Published: April 2013
Genre: fiction, mystery
Mick “Scorcher” Kennedy always brings in the killer. Always. That’s why he’s landed this high-profile triple homicide. At first, he thinks it’s going to be simple, but the murder scene holds terrifying memories for Scorcher. Memories of something that happened there back when he was a boy.
Mick Kennedy always solves his cases and solves them efficiently. When O’Kelly gives him a case to work on with rookie partner Richie, Mick races to work. But this triple homicide of a family out in Brianstown, the old Broken Harbor, brings back memories of his own childhood vacations — one in particular he believes mangled his youngest sister’s sanity.
This is the fourth in Tana French’s Dublin Murder Squad series. Kennedy appeared in the last, Faithful Place, following the trend of featuring the previous book’s side character as the new protagonist. Also typical of French’s style is the psychological twist within each case. Rather than spanning several weeks or months, this book spans less than a week, and it is packed full of clues, twists, and wild circumstances.
I loved the dynamics of Kennedy’s partnership with rookie Richie. He teaches, he scolds, he praises. He does not belittle Richie like the rest of the department, but instead wants him to learn from his mistakes and observe others in action.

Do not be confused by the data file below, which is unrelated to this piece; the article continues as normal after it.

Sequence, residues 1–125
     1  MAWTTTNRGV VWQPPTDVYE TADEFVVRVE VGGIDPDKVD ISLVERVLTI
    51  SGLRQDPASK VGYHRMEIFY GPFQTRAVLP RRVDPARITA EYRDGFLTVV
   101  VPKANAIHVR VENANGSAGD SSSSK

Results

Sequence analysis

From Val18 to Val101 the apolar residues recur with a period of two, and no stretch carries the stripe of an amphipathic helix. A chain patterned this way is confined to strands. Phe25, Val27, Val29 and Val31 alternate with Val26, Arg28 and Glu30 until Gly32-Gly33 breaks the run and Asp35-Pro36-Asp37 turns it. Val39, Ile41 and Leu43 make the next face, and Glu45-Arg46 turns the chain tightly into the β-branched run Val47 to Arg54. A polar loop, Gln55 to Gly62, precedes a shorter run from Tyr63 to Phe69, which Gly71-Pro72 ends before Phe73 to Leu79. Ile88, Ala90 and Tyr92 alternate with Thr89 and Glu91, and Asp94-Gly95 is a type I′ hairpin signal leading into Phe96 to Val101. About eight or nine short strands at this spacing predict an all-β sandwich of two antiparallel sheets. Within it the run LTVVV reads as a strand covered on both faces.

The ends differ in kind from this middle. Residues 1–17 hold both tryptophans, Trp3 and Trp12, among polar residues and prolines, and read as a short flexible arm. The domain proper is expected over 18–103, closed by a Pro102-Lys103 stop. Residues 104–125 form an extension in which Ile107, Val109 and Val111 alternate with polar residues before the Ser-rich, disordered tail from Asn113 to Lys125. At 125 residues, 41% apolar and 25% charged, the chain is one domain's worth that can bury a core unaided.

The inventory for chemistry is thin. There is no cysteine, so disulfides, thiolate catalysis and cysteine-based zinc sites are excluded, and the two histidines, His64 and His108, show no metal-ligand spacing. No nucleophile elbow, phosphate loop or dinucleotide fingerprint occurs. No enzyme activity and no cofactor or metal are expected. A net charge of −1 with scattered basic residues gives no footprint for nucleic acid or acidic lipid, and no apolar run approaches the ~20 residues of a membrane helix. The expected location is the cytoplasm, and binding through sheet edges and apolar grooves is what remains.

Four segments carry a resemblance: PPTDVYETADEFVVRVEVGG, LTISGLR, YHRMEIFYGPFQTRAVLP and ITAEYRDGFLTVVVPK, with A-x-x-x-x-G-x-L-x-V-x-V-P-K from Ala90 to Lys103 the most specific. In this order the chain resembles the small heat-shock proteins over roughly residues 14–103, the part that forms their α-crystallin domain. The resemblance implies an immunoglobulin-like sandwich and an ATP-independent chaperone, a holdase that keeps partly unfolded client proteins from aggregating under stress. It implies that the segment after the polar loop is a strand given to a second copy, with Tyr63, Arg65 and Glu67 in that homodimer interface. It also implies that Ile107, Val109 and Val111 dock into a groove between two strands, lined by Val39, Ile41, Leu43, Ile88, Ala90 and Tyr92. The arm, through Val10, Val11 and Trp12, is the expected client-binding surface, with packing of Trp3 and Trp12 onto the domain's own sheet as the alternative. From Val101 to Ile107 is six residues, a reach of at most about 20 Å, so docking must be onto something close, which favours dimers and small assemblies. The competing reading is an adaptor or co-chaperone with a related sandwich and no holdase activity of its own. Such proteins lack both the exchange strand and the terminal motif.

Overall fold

The insanity bits begin to take hold when Kennedy’s sister Dina enters the scene. Her dialogue is fantastic — run-on sentences, incomplete phrases, scattered breaths and punctuation, ideas not quite stringing together. That sort of dialogue continues into Patrick’s character, and later Jenny’s, as you begin to see their worlds crumble around them. This is such an effective way of recognizing the deteriorating mind without it being the mind of the protagonist.
What prevented me from giving this four or five stars is due to the length. There were many passages I felt were unnecessary — whole chapters, even. As much as I enjoyed Dina’s character, I think we could have done without this side story. There was something about it that felt unresolved, or that if it was going to be explored at all then it should be done in depth rather than in the back of the mind or whenever it was convenient.